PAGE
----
ENDORSEMENTS: National and state races


Editor's note: the file below contains a correction, updated May 5 2010. 

National races



The Republican Party is targeting this race as one of its top national priorities, and if the GOP can dislodge a three-term senator from California, it will be a major blow for the party (and agenda) of President Obama. The pundits are happily talking about how much danger Barbara Boxer faces, how the country's mood is swinging against big-government liberals.

But it's always a mistake to count out Boxer. In 1982, as a Marin County supervisor with little name recognition in San Francisco, she trounced then-SF Sup. Louise Renne for an open Congressional seat. Ten years later, she beat the odds and won a hotly contested primary and tough general election to move into the Senate. She's a fierce campaigner, and with no primary opposition, will have a united party behind her.

Boxer is one of the most progressive members of the not-terribly progressive U.S. Senate. She's been one of the strongest, most consistent supporters of reproductive rights in Washington and a friend of labor (with 100 percent ratings from the AFL-CIO and National Education Association). We've had our disagreements: Boxer supported No Child Left Behind, wrote the law allowing airline pilots to carry guns in the cockpit, and was weak on same-sex marriage when San Francisco sought to legalize it (although she's come around). But she was an early and stalwart foe of the war in Iraq, split with her own party to oppose a crackdown on illegal immigration, and is leading the way on accountability for Wall Street. She richly deserves reelection, and we're happy to endorse her.




It's odd that the representative from Marin and Sonoma counties is more progressive by far than her colleague to the south, San Francisco's Nancy Pelosi. But over the years, Lynn Woolsey has been one of the strongest opponents of the war, a voice against bailouts for the big Wall Street banks, and a foe of cuts in the social safety net. We're proud to endorse her for another term.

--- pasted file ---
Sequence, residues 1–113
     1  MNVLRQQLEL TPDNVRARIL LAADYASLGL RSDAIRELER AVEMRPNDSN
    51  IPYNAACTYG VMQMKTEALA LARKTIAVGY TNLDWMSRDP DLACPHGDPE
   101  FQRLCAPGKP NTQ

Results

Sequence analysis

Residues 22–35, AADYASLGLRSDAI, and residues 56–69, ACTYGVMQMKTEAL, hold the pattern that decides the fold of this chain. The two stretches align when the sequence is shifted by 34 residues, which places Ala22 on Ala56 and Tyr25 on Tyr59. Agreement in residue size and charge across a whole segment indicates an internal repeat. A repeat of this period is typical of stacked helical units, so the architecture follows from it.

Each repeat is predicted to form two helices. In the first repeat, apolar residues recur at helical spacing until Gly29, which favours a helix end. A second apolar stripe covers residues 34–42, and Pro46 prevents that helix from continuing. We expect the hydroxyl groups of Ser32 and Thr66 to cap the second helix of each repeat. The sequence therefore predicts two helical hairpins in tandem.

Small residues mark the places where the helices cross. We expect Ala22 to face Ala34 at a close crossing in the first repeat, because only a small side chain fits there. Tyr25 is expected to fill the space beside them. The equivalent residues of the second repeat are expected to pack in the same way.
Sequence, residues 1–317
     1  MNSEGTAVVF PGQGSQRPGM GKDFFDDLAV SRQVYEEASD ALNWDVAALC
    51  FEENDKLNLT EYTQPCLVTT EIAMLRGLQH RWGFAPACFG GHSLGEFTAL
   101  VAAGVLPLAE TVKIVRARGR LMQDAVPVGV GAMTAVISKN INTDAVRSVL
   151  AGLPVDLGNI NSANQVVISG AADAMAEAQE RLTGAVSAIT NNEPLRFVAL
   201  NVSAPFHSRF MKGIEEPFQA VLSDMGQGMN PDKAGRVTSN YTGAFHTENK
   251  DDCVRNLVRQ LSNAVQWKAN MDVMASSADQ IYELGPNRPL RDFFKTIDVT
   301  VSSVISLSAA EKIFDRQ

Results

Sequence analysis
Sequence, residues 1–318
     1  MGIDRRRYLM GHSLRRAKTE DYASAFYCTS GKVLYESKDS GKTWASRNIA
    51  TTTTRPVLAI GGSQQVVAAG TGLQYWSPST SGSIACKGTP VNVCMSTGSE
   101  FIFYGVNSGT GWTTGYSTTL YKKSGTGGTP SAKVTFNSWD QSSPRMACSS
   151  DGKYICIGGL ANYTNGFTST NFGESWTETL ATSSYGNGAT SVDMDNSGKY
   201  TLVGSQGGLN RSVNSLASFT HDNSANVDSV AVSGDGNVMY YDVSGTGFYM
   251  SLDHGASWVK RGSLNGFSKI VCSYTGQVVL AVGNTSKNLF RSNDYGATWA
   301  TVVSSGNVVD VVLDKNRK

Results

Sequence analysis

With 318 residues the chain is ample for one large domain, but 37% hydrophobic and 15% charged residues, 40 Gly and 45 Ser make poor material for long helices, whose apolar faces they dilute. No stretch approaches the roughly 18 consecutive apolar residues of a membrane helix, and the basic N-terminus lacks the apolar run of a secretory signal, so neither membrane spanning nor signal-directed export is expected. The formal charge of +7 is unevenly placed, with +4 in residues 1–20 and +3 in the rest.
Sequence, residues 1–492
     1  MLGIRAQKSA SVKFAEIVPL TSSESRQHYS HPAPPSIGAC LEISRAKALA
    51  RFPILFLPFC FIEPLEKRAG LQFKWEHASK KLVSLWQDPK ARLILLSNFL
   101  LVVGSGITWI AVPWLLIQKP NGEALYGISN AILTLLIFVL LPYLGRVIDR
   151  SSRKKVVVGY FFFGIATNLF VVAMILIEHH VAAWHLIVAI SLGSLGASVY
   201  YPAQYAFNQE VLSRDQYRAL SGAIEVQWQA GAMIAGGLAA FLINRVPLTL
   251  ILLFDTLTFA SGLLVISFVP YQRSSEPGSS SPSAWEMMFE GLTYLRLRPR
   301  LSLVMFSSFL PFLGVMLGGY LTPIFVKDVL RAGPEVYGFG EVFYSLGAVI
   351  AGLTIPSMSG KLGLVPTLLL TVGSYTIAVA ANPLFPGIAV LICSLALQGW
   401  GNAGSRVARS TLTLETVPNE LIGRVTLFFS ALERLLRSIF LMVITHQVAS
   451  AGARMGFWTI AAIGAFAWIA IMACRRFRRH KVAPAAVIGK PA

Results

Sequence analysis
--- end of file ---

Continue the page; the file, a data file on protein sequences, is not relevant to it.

George Miller has been representing this East Bay district since 1974, and is now the chair of the Education and Labor Committee and a powerhouse in Congress. He's too prone to compromise (with George W. Bush on education policy) but is taking the right line on California water (while Sen. Dianne Feinstein is on the wrong side). We'll endorse him for another term.




We've never been terribly pleased with San Francisco's most prominent Congressional representative. Nancy Pelosi was the author of the bill that created the first privatized national park at the Presidio, setting a horrible standard that parks ought to be about making money. She was weak on opposing the war, ducked same-sex marriage, and has used her clout locally for all the wrong candidates and issues. But we have to give her credit for resurrecting and pushing through the health care bill (bad as it was — and it's pretty bad — it's better than doing nothing). And, at a time when the Republicans are trying to derail the Obama presidency, she's become a pretty effective partner for the president.

Her fate as speaker (and her future in this seat) probably depends on how the Democrats fare in the midterm Congressional elections this fall.